Ladies and gentlemen, it is no exaggeration to say that the nuclear-weapon states have only to a limited degree honoured the disarmament commitment they made in the NPT. Let me remind you that in 2000 the NPT’s Review Conference stated that the treaty calls for “an unequivocal undertaking by the nuclear-weapon states to accomplish the total elimination of their arsenals leading to nuclear disarmament”. From an international law perspective, the five legally recognized nuclear-weapon states and their allies have thus assumed a responsibility to help achieve disarmament and a world free of nuclear weapons. If the disarmament process had been carried out as intended, ICAN’s struggle for a treaty-based ban on nuclear weapons would have been unneeded. It is the lack of progress towards nuclear disarmament that has made it necessary to supplement the Non-Proliferation Treaty with other international legal initiatives and commitments.

The Non-Proliferation Treaty applies only to the countries that have acceded to it. India, Pakistan and Israel, which all have nuclear weapons, are not NPT members. Moreover, North Korea, which has carried out six nuclear test explosions, has withdrawn from the treaty. Global nuclear disarmament cannot take place without these countries, too, participating. Yet they reserve for themselves the same right to nuclear weapons as the five states that had acquired such weapons prior to 1970. The five legally recognized nuclear-weapon states, for their part, cite the nuclear arsenals of these other countries as one of several arguments for not yet being able to comply with the NPT’s nuclear disarmament requirements.

It is in part to break this vicious cycle that ICAN has advocated a universal, treaty-based ban on nuclear weapons.

ICAN does not accept that the lack of progress towards nuclear disarmament is a realpolitik necessity. ICAN’s premise is humanitarian, maintaining that any use of nuclear weapons will cause unacceptable human suffering. Binding international prohibitions have already been established for chemical weapons, biological weapons, land mines and cluster weapons, precisely because of the unacceptable harm and suffering that these weapons inflict on civilian populations. It defies common sense that nuclear weapons, which are far more dangerous, are not subject to a comparable ban under international law.

Pointing out this legal gap was a crucial first step on the road to a prohibition treaty. Another important step was the Humanitarian Pledge initiated by the Austrian Government in December 2014. The Pledge is a voluntary national commitment to seek to stigmatise, prohibit and eliminate nuclear weapons. ICAN has worked resolutely to muster broad international support for the Humanitarian Pledge. To date, 127 states have signed on to this commitment.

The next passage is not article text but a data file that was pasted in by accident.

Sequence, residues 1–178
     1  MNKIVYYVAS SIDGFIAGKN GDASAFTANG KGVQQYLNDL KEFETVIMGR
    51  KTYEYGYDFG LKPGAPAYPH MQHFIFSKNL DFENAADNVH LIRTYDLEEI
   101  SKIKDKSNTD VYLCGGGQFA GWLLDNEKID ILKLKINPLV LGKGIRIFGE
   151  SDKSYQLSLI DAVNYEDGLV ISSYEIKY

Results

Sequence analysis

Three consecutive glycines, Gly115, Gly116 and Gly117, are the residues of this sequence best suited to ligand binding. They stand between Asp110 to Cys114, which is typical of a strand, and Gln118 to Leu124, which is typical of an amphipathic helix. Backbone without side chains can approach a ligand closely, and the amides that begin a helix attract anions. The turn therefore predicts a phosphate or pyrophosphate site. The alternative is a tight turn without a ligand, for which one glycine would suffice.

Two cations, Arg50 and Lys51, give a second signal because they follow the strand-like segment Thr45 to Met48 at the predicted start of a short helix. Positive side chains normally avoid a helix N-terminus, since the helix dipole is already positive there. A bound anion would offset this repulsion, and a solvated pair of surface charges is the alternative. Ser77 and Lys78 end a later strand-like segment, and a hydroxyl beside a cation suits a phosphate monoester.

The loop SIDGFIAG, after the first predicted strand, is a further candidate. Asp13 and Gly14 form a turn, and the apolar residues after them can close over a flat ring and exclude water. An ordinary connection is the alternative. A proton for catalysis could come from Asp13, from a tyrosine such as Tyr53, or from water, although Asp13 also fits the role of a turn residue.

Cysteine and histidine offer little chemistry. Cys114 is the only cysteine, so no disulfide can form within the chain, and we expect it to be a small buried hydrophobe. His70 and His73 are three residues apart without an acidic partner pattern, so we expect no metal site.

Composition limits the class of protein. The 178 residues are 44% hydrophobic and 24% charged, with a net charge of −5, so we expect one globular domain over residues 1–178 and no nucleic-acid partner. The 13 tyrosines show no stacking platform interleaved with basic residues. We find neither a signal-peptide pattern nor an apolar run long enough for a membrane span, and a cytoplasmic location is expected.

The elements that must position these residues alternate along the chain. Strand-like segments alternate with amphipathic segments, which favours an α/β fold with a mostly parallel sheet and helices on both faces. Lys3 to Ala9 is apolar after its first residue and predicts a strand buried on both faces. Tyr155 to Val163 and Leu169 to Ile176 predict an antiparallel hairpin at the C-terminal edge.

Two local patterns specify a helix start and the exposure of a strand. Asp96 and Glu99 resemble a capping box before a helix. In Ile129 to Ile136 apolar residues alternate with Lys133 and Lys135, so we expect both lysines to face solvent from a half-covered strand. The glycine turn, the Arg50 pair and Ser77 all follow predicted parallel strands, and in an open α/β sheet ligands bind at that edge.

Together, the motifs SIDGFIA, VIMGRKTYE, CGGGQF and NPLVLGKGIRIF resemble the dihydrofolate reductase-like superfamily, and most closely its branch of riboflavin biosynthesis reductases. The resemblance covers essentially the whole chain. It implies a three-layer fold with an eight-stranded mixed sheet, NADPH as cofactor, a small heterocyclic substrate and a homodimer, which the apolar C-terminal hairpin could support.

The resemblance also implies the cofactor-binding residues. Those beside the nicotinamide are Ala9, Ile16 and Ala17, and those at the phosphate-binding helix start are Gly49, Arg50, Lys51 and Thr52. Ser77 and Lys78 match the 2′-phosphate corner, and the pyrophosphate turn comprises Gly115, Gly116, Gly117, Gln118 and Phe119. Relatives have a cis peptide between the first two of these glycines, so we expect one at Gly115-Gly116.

ICAN has also been a driving force in efforts to secure a binding international ban of nuclear weapons. On 7 July 2017, a final draft treaty was endorsed by 129 UN member states. The Treaty on the Prohibition of Nuclear Weapons was opened for signature this autumn, and has been signed so far by 56 states. When 50 or more states have also ratified the treaty, it will become binding under international law for the signatory states.

ICAN is a young organisation, founded in 2007 on the initiative of the International Physicians for the Prevention of Nuclear War, which won the Nobel Peace Prize in 1985. ICAN is a loose coalition of 468 NGOs from more than 100 countries. It is impressive that ICAN is able to unite so many different groups in support of a common goal and give a voice to millions of people who are convinced that nuclear weapons do not provide security, but insecurity.

In awarding this year’s Peace Prize to ICAN, the Norwegian Nobel Committee seeks to honour this remarkable endeavour to serve the interests of mankind.

The Nobel Committee believes that an international ban on nuclear weapons will be an important, possibly decisive, step on the road to a world without nuclear weapons. Such a goal is fully consistent with the essence of Alfred Nobel’s will.

Ladies and gentlemen, ICAN’s support for a global ban on nuclear weapons is not uncontroversial. We must acknowledge that the treaty has powerful opponents, but the idea of prohibiting and abolishing nuclear weapons is neither naïve nor new. As early as 1946, in the UN General Assembly’s very first resolution, the United Nations called for nuclear disarmament and an international nuclear weapons control regime.

At the Reykjavik Summit in 1986, Mikhail Gorbachev and Ronald Reagan tried to halt the spiralling nuclear arms race between the two superpowers, and came close to concluding an agreement to abolish all long-range nuclear missiles. A year and a half earlier, President Reagan had addressed the people of the United States and the Soviet Union directly, saying:

“A nuclear war cannot be won and must never be fought. The only value in our two nations possessing nuclear weapons is to make sure they never will be used. But then, would it not be better to do away with them entirely?”

Today it is more important than ever to support this vision. While the global community may trust that no responsible head of state would ever order another nuclear attack, we have no guarantees that it will not happen. Despite international legal commitments, irresponsible leaders can come to power in any nuclear-armed state and become embroiled in serious military conflicts that veer out of control.